Friday, October 16, 2009

The Stratford Theory of Numbers #7

As regular readers know, my theory holds that almost every number in a newspaper or magazine is wrong, because it has been misreported and/or misunderstood by the journalist. Here is a passage from the Listener editorial in the issue of 17 October:
In the past 20 years, the proportion of primary school children being driven to school has gone from 31% to 56%. The number biking is down by two-thirds, and the number walking has almost halved. Among secondary school children, the number of walkers is the same as 20 years ago, but biking is barely a quarter of its 1989 level, and the number being driven is up from 20% to 35%.
I don’t know whether these numbers are accurate. This being the Listener, no doubt they are. But I do know that they are incomprehensible. We are presented with percentages, fractions and raw numbers, and expected to draw a conclusion from comparing them all.

We can, most of us, convert the fractions to percentages or vice versa to make the comparisons – though we shouldn’t have to – but what we can’t do is tell what the last sentence means. In the last 20 years the number of secondary school children has grown and if the number walking to school hasn’t changed then the proportion has dropped – but by how much? Almost halved, as with primary children, or more than halved? Much more, or just a bit? Can’t tell.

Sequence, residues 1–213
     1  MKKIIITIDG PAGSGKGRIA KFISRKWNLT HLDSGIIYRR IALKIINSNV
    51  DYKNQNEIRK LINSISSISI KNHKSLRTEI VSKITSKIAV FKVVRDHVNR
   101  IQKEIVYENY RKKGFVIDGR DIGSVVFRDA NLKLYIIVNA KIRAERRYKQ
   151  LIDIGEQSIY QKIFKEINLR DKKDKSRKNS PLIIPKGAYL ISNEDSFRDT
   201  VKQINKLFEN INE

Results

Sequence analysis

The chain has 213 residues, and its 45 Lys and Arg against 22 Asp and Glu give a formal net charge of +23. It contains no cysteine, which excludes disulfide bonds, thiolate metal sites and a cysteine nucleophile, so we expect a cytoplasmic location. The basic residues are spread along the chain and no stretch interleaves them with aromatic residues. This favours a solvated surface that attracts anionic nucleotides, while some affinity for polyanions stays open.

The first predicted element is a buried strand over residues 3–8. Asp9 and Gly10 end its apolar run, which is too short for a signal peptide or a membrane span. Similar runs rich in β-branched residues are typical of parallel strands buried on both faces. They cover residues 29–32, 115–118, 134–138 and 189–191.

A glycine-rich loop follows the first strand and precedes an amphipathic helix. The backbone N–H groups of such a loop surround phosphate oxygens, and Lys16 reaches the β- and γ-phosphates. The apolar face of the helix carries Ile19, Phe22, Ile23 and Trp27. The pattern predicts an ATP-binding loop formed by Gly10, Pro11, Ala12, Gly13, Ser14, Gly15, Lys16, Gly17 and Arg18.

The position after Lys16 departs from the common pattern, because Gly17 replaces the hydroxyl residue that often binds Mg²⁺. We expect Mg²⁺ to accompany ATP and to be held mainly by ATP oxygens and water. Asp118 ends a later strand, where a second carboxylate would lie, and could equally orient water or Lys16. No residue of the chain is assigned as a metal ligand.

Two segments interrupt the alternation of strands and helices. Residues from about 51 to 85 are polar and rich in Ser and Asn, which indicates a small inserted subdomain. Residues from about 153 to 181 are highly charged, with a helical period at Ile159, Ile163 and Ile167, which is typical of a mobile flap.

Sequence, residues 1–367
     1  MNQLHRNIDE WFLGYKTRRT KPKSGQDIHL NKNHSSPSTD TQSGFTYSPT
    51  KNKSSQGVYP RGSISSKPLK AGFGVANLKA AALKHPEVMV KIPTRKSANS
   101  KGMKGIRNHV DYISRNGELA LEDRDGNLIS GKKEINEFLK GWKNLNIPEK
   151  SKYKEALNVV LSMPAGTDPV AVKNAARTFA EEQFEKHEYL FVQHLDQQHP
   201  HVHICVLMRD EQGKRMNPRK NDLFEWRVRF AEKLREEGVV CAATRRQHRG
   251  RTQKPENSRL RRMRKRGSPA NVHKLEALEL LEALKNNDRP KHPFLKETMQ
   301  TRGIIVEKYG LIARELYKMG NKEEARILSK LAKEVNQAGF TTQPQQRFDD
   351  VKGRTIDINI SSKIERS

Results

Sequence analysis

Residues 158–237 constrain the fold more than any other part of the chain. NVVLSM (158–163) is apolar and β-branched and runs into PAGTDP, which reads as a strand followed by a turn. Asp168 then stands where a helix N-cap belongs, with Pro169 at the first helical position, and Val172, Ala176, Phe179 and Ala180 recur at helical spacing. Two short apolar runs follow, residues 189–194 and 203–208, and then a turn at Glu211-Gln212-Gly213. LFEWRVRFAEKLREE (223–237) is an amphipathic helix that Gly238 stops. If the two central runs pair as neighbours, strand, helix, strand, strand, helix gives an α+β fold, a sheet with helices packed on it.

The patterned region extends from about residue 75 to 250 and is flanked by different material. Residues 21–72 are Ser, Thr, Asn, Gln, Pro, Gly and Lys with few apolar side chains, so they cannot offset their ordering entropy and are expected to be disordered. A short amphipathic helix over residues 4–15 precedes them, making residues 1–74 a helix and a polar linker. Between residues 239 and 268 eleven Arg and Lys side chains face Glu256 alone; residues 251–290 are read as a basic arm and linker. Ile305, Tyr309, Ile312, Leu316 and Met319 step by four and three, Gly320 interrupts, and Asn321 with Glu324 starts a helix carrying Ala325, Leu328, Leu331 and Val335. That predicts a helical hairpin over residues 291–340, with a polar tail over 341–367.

And you couldn’t calculate it from the increase in the number of children attending secondary school – you need to know the number living within walking distance, which changes when circumstances change. In Auckland, my children walked to school. Here in the country, they have to go by car.

What would be meaningful would be a comparison over time between the number of children living within walking distance of school who do walk, cycle or are driven. But that would be asking a lot of a journalist, even a Listener one.

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